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    Science of Safety Podcast: Episode 79.

    June 25, 2020



    Science of Safety Podcast.

    Episode 79:
    Surgical masks versus respirators.

    Science of Safety Podcast.

    Episode 79:
    Surgical masks versus respirators.

    Science of Safety Podcast.

    Episode 79:
    Surgical masks versus respirators.

    In this episode, Terry Gorman, 3M’s Lead Application Engineer for the Personal Safety Division in Australia and New Zealand joins host Mark Reggers to discuss surgical masks and respirators, and the difference between them.

    Surgical masks and respirators may look similar, with the names often used interchangeably. However, when it comes to respiratory protection, they are quite different. They each perform different roles that offer varying levels of protection in a diverse range of applications, and it’s important to understand when and where they are used.




    Guest Bio:

    Terry Gorman (pictured left) is a Certified Occupational Hygienist who has been involved in workplace safety for nearly 30 years. He has worked for 3M Australia and New Zealand in the Personal Safety Division for 18 years.

    Terry is a current member of the Australian/New Zealand Standard Committees responsible for respiratory protection (AS/NZS 1715 & 1716) as well as the Eye/Face Protection Standards Committee (AS/NZS 1337 & 1338).

    He currently represents Standards Australia on the International Standards Organisation (ISO) Committee TC94/SC15, a team of international specialists creating a set of global respiratory standards.

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    In this episode, Mark & Terry discuss the following:

    • What is the difference between a surgical mask and a respirator?
    • Is there a specific Australian standard for surgical masks used in health care settings?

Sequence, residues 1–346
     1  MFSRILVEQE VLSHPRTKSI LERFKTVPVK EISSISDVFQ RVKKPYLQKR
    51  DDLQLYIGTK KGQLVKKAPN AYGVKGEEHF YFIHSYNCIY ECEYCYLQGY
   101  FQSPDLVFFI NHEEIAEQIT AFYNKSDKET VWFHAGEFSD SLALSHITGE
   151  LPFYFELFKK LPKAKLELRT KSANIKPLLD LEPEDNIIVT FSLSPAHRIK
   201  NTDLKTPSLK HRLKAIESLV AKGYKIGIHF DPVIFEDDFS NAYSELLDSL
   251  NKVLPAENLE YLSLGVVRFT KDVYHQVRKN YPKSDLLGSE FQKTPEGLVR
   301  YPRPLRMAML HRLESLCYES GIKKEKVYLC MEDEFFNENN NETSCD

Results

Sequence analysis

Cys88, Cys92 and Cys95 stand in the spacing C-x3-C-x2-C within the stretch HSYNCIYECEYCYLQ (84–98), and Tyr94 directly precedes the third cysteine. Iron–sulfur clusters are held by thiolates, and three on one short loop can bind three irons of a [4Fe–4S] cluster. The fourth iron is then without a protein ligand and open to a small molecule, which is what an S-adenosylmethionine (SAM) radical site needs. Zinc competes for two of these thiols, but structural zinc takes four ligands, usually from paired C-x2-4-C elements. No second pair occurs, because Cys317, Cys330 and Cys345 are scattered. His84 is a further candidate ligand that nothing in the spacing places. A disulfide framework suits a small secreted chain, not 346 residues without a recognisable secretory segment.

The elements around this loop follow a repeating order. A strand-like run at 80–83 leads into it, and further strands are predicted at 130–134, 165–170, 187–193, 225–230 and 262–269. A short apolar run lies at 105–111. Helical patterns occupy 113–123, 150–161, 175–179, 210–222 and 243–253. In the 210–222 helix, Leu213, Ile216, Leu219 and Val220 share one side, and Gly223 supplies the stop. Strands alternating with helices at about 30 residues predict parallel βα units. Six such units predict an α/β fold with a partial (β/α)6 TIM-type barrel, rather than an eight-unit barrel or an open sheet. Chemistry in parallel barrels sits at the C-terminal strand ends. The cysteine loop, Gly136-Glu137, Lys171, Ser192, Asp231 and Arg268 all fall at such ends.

• Are there different types or levels of surgical masks?
    • Are these different levels tested for filtration efficiency like a respirator?
    • Do surgical masks have to be approved by other bodies such as the Therapeutic Goods Administration (TGA) before being used in a healthcare setting?
    • Do respirators used in health care settings also have to be approved by the TGA?
    • What kind of tests are respirators put through to meet the requirements of AS/NZS 1715?
    • When or where would a rated respirator, not a surgical mask, be required in a healthcare setting?
    • What other types of respirators other than disposable would be used in health care settings?
    • For infectious diseases associated with small particulates like bacteria or viruses that can be transferred by aerosols and droplets (as well as other methods), e.g. Ebola, influenza A etc., would a surgical mask or respirator be more suitable?
    • Can you get a product that is both rated as a surgical mask and a respirator?
    • How long will a rated respirator used in healthcare settings last, i.e. how often should they be changed?
    • Do respirators used in healthcare settings have the same requirements to be clean-shaven, trained, fit-tested etc.?
    • It’s common to see people in Australia and many Asian countries wearing surgical style mask to protect against air pollution. What level of protection would a surgical mask that doesn’t seal the face be providing?
    • Where can people go to get further information on surgical masks and respirators?

    Surgical masks and respirators protect workers in a range of environments, be it healthcare or industrial settings. In industrial settings a respirator is required to filter out airborne contaminants, in healthcare situations, there are times when surgical masks are needed to serve as a physical barrier, or as a respirator when dealing with infectious patients. People, be it workers or the general public must ensure they use the appropriate respiratory protective equipment for the application at hand, for their health and safety and those around them. Tune in as we look at surgical masks versus respirators and the difference between them, how they work and when they are used to ensure you get the protection you need in your workplace.


    Additional Resources:

    Contact a 3M Safety Specialist at scienceofsafetyanz@mmm.com for more information.